Whether you have Mattison as insurance for Dalvin Cook, drafted him late as an upside flier or managed to grab him off waivers, this is your week. This is the week you’ve been waiting for. Talented running back who will get the majority of work in one of the best matchups you could ask for. The Falcons cough up 29.3 fantasy points per game to running backs and have allowed an NFL-worst four receiving touchdowns to RBs as well. The Vikes average the second-most running back carries this season (28 a game), and the bulk of those in Cook’s absence will go to Mattison, as we saw on Sunday night (23 touches for 136 scrimmage yards). Minnesota has a bye after this week and then Cook is expected back, so Mattison’s fantasy glory may be short-lived. But right now? This is your week, baby.
Field Yates and Matthew Berry agree that Alexander Mattison will be busy in the Vikings’ Week 6 matchup against the Falcons.
A funny thing happened on the way to Taylor receiving a huge workload after Marlon Mack’s injury. It didn’t happen. Just 46 touches over the past three weeks, which, now that I’m writing it, isn’t that funny at all. Hmm. Even while the Colts mess around with Jordan Wilkins and Nyheim Hines getting more touches than you’d expect, Taylor is still the Colts’ clear No. 1 back, especially in the red zone. Since Week 2, he ranks fifth among all backs in red zone rushes, and he has a rushing touchdown in three of his past four games. Facing a Bengals defense this week that gives up 131.4 rushing yards per game to running backs on 5.3 yards per carry, Taylor is a good bet to be efficient with the touches he gets.
Here we are in mid-October with a Dolphins-Jets matchup, and Gaskin is a running back on the Love list while Le’Veon Bell isn’t even in the league. I can’t say I predicted that in the preseason. But I could have predicted that the Jets’ defense would be terrible. It has allowed the fifth-most fantasy points to running backs this season, which sets up well for Gaskin to produce: He has averaged 20.3 touches per game over the past three weeks. The one knock on Gaskin was that Jordan Howard would vulture him at the goal line, but with 19 red zone rushes and six goal-to-go carries over the past three games, that worry is no longer relevant. And not for nothing, the Jets have given up seven rushing TDs to RBs, tied for second most. Huh? Fitzy and now Gaskin? Apparently I’m a Miami fan this week. Fins up!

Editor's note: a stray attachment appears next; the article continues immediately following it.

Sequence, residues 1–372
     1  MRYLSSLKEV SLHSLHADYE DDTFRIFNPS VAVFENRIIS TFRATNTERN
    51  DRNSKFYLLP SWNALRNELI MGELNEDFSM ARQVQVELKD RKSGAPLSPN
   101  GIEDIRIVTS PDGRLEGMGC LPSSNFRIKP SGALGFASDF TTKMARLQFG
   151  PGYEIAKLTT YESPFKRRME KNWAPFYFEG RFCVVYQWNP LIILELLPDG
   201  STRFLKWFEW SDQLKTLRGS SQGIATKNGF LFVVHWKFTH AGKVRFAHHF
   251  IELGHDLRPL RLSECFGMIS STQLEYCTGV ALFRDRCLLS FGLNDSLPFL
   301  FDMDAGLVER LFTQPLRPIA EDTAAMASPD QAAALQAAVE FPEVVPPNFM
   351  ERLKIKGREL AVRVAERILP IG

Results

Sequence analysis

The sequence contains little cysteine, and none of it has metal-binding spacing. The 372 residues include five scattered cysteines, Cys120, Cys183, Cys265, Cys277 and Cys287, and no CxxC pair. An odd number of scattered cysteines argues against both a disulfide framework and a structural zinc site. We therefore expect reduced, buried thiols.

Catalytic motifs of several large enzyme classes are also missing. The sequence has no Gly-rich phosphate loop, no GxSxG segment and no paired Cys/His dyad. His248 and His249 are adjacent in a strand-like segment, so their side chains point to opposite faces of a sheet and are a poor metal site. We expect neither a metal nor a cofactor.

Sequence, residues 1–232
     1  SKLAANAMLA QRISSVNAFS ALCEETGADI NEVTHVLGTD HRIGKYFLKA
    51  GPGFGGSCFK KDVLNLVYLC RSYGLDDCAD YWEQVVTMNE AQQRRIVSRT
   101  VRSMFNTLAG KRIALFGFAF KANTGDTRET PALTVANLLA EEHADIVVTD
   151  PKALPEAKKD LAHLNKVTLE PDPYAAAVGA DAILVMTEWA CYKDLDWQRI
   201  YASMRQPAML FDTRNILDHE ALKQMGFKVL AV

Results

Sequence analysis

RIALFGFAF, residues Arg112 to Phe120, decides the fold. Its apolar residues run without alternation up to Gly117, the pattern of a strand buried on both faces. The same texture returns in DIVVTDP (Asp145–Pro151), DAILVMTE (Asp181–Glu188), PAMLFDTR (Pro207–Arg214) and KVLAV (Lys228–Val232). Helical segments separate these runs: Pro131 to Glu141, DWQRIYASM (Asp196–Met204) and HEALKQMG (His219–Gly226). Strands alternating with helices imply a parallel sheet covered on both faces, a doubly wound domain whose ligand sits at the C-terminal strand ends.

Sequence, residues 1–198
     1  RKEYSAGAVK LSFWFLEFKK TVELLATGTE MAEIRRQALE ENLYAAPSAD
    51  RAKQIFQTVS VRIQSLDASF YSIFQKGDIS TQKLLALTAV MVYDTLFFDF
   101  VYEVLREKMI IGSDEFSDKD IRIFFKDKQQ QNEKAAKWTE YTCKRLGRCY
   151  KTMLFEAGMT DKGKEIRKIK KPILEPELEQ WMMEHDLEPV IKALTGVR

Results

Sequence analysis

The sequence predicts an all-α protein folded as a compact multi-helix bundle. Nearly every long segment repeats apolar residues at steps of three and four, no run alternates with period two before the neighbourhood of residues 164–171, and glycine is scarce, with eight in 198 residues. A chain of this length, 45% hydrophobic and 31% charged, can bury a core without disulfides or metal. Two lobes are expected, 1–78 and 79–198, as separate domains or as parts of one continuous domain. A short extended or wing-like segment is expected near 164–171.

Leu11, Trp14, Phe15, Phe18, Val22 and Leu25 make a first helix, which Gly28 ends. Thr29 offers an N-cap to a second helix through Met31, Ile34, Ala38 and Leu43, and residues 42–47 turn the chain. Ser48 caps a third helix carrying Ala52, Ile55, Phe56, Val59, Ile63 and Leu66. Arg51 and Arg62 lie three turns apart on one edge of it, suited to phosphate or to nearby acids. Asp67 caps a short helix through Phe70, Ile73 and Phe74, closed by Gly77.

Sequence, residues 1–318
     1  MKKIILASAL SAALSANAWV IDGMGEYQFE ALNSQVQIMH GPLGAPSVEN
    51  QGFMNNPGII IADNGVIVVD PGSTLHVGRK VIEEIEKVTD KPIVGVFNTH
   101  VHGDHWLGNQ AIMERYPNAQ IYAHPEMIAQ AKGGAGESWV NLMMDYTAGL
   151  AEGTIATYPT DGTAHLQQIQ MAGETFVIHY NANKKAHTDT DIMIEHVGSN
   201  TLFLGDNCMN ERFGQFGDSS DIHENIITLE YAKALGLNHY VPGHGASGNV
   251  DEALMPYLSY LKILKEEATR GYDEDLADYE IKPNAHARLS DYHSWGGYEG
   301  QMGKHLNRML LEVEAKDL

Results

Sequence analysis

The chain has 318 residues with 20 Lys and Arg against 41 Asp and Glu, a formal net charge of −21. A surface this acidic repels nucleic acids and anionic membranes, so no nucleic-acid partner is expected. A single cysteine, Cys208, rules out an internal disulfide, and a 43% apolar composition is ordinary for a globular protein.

Others receiving votes
Kenyan Drake hasn’t lost his job to Chase Edmonds yet, but it’s getting closer; Edmonds has outscored Drake each of the past two weeks despite getting a lot fewer touches. Still, operating as Arizona’s pass-catching RB in a game with one of Week 6’s highest over/unders, Edmonds has flex value this week against a Cowboys defense that has allowed the fourth-most rushing yards to running backs. … David Johnson is just RB24 on the season, but there’s a glimmer of hope that he’s on the upswing. His touches have increased in each of the past three weeks, and he actually got 82% of backfield touches in Houston’s first Bill O’Brien-free game. A solid workload should result in fantasy production this week against a Tennessee D that, over the past four weeks, is 28th against the run. … Devonta Freeman isn’t exactly making Giants fans forget Saquon Barkley, but he does have double-digit fantasy points in each of his past two games and 64% of the Giants’ RB touches in that span. He has emerged as the lead back for the Giants out of that committee, and he should produce as an RB3 or flex play in deeper leagues in a game the G-Men should be competitive.